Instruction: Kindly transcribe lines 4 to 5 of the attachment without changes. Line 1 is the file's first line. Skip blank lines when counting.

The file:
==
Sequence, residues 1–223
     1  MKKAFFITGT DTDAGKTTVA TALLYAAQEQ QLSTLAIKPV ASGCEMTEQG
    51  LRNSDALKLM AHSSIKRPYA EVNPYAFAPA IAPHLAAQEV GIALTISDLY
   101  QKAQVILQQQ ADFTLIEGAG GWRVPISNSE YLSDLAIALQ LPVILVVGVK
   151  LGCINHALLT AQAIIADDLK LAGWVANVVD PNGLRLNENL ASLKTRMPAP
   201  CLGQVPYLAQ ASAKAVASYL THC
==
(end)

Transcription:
   101  QKAQVILQQQ ADFTLIEGAG GWRVPISNSE YLSDLAIALQ LPVILVVGVK
   151  LGCINHALLT AQAIIADDLK LAGWVANVVD PNGLRLNENL ASLKTRMPAP